First graders' fluidity with comparing numbers is an important building block for the higher-level math concepts to come in the later grades. You can give first graders a leg up with this lesson, featuring guided instruction and practice problems in comparing numbers. Once kids get through this lesson, you can download and print the suggested comparing numbers worksheets in order to provide even more opprotunities for practice.
First grade mathematicians will be working this year on number sense in order to improve their understanding of the relationship between numbers and their ability to do mental math. This guided lesson will help strengthen this important skill with targeted instruction and plenty of real-world practice problems. Once the lesson is finished, you can extend learning with the suggested number sense worksheets.
Skip counting by 10s is quite the fascination with young learners, who are eager to reach 100. After mastering skip counting by 2s and 5s, let your students continue to develop their understanding of skip counting by working with 10s. The activities outlined below are a great starting place for children trying to learn how to skip count, whether by 2s, 5s, or 10s.
Approaching numbers from many directions is one of the ways we teach children and early learners number sense. One approach that is commonly taught is skip counting by tens.
While it may seem arbitrary, skip counting by tens has a number of benefits for students. It allows them to see patterns in numbers. When counting the whole tens (10, 20, 30…) they see that the first digit of each number is the same as when they simply count to ten and the second digit of each number is zero.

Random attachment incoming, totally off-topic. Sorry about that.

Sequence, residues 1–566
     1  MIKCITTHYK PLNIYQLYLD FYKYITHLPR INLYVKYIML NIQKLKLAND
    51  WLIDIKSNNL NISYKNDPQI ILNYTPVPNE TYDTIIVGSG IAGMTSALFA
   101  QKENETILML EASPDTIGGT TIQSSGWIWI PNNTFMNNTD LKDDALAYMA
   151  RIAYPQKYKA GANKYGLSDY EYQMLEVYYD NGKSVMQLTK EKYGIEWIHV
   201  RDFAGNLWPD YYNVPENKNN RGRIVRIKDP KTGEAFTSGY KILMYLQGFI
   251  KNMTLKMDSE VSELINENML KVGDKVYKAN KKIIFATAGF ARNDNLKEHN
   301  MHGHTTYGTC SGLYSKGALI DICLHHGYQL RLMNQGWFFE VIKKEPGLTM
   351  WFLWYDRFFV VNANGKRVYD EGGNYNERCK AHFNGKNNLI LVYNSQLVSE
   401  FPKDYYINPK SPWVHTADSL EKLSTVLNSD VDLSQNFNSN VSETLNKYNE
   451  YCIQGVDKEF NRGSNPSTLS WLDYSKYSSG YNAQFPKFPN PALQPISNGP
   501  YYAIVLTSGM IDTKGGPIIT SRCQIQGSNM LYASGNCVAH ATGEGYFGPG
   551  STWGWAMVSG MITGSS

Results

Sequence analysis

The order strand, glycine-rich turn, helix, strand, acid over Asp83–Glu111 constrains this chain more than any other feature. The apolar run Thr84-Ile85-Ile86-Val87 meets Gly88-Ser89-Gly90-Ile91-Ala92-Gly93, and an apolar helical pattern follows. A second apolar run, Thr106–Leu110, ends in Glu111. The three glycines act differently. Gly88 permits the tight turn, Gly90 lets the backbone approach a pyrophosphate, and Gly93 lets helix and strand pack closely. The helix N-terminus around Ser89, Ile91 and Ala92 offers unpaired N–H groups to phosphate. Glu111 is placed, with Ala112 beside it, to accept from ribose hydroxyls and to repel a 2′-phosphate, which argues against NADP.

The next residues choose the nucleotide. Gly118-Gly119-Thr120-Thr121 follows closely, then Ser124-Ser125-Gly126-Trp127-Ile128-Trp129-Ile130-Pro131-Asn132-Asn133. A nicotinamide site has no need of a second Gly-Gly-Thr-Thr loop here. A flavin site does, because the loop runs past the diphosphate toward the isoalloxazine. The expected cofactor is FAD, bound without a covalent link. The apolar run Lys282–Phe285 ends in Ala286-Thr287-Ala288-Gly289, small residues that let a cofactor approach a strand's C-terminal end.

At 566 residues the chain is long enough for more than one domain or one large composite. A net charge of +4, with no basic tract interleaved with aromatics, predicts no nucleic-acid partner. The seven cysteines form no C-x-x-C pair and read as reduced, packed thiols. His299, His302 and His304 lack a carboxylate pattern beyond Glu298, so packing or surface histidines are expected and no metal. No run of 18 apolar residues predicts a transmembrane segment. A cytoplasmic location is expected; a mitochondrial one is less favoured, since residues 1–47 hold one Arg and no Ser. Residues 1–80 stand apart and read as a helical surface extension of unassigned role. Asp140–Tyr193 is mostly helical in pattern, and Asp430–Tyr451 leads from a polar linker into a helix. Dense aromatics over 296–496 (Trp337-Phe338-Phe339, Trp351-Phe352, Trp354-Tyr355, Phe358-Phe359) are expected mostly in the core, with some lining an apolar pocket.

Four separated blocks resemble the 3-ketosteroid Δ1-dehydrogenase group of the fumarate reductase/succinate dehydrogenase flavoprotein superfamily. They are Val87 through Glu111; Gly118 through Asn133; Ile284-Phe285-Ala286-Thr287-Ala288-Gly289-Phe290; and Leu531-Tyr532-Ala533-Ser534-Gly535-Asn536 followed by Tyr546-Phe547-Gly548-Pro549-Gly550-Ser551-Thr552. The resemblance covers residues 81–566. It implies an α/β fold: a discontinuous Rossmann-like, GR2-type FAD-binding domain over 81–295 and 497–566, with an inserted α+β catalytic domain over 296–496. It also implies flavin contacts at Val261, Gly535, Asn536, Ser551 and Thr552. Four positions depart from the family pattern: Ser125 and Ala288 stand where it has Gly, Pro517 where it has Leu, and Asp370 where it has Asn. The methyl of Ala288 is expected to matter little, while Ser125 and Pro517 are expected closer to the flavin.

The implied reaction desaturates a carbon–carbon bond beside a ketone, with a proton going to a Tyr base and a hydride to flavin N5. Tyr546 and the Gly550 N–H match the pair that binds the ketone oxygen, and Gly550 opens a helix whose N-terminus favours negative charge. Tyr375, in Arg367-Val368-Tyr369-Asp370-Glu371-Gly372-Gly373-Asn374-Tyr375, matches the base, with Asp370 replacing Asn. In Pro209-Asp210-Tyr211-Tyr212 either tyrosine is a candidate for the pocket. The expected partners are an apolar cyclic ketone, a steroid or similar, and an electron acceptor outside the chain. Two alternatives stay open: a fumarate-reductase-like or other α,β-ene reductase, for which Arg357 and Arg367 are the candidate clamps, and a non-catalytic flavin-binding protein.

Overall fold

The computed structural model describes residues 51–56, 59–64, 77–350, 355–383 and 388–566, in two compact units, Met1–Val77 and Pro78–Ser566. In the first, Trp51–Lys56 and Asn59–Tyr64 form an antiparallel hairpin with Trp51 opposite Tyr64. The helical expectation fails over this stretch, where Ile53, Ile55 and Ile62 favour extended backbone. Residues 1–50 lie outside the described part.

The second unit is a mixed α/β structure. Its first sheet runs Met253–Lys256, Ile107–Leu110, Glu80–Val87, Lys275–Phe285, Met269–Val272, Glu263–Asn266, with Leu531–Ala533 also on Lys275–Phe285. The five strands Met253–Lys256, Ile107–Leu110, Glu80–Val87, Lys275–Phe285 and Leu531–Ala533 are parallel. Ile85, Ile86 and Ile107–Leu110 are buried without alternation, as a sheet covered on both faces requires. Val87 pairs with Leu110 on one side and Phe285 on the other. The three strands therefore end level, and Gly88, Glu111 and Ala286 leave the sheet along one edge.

Understanding this pattern will allow them to count by tens without even when they start with a number that is not a multiple of ten. If they understand that only the first digit changes, they will understand that regardless of what number they start with, the digit in the ones place will not change.
Skip counting by tens also lays the foundation for early multiplication. When students understand that the fifth number you reach when skip counting by ten is fifty, and five times ten is fifty, they can expand on that concept to find other products when multiplying by ten.
Using a 100s chart is one way to help students identify the patterns. They will see that, if each row in the chart has 10 digits, regardless of where they start, skip counting will just be counting down each column.
Practicing with the resources provided above by Education.com may help students learn to skip count by tens consistently and gain a foundation in number sense that teachers can build on in the future.